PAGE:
The Sanko Maru… The wreck of this armed WWII Japanese freighter lays in shallow water off the fringing reef on the southern side of Tunnung Island. Sank by Allied B-25 Mitchell bombers in 1944, the wreck has become a testament to the rich waters of the Bismarck Sea and Pacific Ocean that sweep the north-west coast of New Hanover.
The Sanko Maru Wreck – The Sinking…
When Japan invaded Papua New Guinea in January 1941, they landed first at Kavieng in New Ireland. And soon after at Rabaul, in nearby New Britain. A relatively small, but very strategic, military base was established by the Japanese in Kavieng. Enabling them to guard what was effectively the back-door of the overall invasion.
So when the tide of war in the Pacific changed at the end of 1943, Kavieng became a key target as the allied forces counter-attacked. Major air raids were carried out on Kavieng by squadrons of B-25 Mitchell bombers on the 11th February, 1944. And over the next few days the base, together with its fleet of sea-planes, was destroyed.
Those air raids were followed up on the 16th February. When six squadrons of bombers went in search of a 14-ship Japanese convoy heading for the area. The Sanko Maru was one of three vessels from that convoy that were found in Three Island Harbour, on the north-western tip of New Hanover.
The Sanko Maru was the first to be attacked by the B25’s with their 500lb bombs and was quickly sunk. The image above shows the ship engulfed in flames. While, to the right, is the unidentified submarine that was reported by the air crews. We now know that it was a Type C midget submarine, which was eventually found in 1987.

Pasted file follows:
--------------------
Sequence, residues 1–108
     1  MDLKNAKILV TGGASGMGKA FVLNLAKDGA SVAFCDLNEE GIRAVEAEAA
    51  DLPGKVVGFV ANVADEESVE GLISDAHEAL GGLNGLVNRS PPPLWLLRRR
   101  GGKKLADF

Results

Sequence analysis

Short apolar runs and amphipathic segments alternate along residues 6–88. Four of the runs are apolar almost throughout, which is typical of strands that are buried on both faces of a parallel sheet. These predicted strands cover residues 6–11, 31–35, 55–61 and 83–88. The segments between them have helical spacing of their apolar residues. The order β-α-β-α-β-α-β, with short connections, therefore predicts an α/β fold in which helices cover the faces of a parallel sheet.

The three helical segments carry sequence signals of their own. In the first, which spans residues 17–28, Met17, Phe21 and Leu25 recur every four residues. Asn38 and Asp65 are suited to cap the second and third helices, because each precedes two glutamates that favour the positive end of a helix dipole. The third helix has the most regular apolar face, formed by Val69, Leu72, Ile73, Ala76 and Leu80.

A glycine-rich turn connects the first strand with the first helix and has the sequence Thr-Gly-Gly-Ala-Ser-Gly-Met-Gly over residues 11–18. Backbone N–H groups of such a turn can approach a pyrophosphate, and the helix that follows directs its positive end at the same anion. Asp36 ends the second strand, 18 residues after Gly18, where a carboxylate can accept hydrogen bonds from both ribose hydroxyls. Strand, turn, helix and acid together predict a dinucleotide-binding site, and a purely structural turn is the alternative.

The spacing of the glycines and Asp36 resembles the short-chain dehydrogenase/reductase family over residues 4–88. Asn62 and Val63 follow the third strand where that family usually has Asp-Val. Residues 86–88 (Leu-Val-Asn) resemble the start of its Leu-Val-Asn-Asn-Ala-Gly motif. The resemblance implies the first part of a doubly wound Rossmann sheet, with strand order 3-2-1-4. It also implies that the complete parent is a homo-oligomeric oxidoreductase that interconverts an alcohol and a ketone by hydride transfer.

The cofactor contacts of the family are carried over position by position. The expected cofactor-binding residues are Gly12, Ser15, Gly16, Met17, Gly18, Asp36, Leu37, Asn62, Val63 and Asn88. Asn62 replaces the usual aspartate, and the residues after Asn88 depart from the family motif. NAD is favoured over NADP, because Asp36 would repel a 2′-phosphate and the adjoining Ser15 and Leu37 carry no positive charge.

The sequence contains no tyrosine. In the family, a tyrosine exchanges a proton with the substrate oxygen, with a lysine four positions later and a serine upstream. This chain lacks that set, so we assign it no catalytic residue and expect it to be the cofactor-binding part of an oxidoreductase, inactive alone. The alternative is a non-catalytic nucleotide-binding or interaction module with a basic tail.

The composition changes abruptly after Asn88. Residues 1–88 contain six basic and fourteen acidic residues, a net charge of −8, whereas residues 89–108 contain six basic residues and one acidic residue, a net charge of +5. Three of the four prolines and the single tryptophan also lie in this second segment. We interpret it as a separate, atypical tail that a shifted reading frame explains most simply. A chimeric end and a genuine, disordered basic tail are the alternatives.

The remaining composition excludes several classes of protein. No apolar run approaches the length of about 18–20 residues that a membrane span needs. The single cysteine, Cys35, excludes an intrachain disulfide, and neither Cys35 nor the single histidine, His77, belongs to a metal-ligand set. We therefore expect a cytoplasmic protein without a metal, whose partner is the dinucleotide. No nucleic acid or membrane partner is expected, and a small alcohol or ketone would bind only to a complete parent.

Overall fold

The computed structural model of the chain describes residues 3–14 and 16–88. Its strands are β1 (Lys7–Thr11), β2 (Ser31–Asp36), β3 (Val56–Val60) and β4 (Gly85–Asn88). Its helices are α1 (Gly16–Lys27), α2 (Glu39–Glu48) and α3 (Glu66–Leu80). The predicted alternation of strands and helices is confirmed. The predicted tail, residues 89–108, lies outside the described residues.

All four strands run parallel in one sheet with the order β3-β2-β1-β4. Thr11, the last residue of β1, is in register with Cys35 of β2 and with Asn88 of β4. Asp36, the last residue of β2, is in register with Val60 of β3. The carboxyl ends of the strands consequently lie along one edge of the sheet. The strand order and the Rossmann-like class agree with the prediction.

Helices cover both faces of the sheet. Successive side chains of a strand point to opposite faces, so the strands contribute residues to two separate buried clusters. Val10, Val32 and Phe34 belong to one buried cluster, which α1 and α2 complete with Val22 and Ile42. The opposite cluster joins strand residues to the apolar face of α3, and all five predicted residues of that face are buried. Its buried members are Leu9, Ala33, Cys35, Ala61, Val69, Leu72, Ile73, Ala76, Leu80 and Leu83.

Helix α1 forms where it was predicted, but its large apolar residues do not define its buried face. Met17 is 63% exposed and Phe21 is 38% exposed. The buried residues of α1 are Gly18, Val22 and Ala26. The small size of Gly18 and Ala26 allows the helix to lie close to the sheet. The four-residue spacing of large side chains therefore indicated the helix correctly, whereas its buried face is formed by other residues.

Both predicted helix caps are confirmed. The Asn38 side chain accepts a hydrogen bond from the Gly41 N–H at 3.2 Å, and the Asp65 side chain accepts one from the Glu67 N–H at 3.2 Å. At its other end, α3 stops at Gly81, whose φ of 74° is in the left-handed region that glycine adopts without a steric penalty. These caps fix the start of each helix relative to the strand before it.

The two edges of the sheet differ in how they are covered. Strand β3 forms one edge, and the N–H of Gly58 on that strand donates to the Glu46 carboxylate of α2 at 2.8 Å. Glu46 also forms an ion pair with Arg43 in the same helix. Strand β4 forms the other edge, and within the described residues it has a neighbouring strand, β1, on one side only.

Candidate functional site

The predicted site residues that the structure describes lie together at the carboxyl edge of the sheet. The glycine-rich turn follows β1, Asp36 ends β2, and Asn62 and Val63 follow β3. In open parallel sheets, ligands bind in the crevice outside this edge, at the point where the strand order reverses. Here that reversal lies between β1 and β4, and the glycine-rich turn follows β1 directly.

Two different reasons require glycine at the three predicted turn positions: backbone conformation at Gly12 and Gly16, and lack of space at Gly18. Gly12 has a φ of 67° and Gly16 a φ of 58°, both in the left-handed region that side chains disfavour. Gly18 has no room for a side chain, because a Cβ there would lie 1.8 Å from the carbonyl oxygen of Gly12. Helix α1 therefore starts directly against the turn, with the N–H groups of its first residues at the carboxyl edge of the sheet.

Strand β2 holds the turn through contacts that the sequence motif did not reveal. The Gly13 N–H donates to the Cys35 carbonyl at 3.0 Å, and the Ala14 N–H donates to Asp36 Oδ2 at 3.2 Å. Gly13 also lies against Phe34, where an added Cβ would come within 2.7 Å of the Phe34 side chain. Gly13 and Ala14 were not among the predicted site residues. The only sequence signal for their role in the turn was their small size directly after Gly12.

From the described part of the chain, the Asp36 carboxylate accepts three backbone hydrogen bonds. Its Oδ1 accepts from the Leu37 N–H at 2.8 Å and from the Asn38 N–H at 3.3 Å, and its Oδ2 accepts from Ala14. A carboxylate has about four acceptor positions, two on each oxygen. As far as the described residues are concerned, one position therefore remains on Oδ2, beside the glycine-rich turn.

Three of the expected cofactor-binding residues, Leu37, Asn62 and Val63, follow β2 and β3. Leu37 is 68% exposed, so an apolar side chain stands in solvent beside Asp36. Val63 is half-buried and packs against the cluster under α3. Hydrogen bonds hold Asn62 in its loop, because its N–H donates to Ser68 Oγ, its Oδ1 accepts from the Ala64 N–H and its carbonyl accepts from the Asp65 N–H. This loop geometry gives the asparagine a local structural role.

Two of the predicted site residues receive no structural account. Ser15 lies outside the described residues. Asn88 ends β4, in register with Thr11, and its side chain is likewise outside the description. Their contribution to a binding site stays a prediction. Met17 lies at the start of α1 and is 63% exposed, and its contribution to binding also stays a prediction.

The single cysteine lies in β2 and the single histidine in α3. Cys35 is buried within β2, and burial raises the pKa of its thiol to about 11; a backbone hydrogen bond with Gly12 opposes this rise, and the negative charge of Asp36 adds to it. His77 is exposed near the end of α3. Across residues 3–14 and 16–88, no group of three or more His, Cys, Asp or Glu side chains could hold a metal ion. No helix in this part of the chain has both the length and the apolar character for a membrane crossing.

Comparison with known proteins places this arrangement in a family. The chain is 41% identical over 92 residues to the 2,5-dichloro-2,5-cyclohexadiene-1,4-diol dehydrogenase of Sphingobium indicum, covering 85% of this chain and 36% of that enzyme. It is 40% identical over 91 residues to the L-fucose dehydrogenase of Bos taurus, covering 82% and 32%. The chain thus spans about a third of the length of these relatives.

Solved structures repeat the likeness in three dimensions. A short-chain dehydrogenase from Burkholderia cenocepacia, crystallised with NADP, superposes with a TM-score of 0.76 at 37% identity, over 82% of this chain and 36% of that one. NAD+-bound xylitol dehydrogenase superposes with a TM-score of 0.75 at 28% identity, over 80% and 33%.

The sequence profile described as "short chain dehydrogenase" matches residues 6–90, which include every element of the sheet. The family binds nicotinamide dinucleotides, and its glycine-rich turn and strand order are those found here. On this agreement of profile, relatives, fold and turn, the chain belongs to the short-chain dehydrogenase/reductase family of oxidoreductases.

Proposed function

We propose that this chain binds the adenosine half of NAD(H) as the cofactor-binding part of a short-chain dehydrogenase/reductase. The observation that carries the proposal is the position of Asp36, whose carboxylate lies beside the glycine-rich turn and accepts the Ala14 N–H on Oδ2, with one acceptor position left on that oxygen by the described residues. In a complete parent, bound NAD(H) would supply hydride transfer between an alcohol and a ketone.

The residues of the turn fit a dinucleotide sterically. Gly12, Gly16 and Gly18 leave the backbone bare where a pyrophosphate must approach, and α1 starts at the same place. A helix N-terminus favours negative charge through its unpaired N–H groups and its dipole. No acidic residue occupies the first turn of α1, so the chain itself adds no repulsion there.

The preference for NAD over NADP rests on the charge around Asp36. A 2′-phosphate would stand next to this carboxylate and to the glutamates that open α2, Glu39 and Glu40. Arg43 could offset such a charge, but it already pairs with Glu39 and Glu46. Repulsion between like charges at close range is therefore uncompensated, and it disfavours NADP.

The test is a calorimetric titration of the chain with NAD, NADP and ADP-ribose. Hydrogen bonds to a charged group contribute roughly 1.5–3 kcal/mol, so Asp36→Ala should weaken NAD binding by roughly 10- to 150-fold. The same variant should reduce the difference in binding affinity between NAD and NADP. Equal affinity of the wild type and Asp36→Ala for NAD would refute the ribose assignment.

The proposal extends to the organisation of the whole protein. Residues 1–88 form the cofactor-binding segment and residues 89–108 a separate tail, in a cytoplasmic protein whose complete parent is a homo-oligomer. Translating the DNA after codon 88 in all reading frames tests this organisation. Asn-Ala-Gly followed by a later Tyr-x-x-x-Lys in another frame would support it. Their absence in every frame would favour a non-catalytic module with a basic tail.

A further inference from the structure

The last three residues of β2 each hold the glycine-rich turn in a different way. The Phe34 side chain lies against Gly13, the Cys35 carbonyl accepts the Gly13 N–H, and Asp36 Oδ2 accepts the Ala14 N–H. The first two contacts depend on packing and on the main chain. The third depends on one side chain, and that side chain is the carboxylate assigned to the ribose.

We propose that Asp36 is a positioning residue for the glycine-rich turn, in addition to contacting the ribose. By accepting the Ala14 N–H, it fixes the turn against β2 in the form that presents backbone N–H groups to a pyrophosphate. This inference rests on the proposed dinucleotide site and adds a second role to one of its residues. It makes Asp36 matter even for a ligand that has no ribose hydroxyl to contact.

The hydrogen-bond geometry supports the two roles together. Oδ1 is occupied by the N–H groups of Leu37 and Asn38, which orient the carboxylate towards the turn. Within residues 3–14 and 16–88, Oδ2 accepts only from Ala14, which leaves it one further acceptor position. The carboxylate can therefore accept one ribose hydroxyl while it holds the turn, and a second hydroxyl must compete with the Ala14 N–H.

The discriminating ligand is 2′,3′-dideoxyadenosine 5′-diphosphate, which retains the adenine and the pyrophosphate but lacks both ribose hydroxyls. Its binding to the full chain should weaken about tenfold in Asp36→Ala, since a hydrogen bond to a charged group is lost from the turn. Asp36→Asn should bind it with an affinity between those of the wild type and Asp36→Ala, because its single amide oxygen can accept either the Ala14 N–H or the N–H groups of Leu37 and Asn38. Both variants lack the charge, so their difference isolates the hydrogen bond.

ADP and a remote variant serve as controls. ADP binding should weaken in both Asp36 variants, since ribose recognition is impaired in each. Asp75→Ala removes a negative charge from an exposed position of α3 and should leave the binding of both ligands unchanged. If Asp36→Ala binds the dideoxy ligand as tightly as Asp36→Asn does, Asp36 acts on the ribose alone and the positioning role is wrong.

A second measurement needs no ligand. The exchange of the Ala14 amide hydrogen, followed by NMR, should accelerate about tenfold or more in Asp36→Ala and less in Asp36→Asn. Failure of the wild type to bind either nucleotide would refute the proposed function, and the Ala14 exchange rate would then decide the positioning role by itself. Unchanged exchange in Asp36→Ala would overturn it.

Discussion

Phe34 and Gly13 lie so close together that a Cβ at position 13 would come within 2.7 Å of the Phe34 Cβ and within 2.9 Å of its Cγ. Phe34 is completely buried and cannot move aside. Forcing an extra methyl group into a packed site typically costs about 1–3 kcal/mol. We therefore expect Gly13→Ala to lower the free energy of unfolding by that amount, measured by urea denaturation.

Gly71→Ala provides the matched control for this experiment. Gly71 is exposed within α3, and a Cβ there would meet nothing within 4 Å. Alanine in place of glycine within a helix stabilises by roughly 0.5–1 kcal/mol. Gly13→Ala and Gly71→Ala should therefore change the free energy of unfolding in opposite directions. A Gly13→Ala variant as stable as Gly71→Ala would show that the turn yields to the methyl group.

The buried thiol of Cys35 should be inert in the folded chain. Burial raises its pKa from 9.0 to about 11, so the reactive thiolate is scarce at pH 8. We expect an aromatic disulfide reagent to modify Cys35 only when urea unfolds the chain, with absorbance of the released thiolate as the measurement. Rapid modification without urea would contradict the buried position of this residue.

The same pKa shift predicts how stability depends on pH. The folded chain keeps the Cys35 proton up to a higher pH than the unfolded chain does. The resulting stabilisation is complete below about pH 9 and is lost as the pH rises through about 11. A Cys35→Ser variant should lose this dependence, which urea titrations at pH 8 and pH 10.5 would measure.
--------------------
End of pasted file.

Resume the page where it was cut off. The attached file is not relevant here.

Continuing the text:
The Sanko Maru was apparently one of the Japanese “Hell Ships”. Requisitioned merchant ships used to transport prisoners of war under absolutely appalling conditions!
The Sanko Maru Wreck – Diving It…
The wreck of 400 feet long, 5461 ton, freighter lays on its starboard side in 22m of water and is literally covered in rich soft corals and gorgonian sea fans.
The sheer density of the marine growth on the wreck is stunning! It rates very high on my personal “wreck scale” and the only negative is the visibility – which rarely exceeds 10 to 15m. Probably because of the run-off from the nearby islands.
Damage from those 500lb bombs is clearly evident throughout the wreck. Plus the Sanko Maru was stripped of its propellers and boilers by salvage divers many years ago.
The wreck is easy to dive and the upward facing side of the ship is in just 6m of water. So safety stops are very easy.
The Sanko Maru really does warrant a lot of exploration…
But often does not get the attention it deserves because the star of the show is the nearby Type C midget submarine.
Alternatively the MV Febrina liveaboard dives both New Ireland and New Hanover on a regular basis and the wrecks are included in those itineraries.
Altogether, with the nearby midget submarine, the Sanko Maru is an incredible dive!
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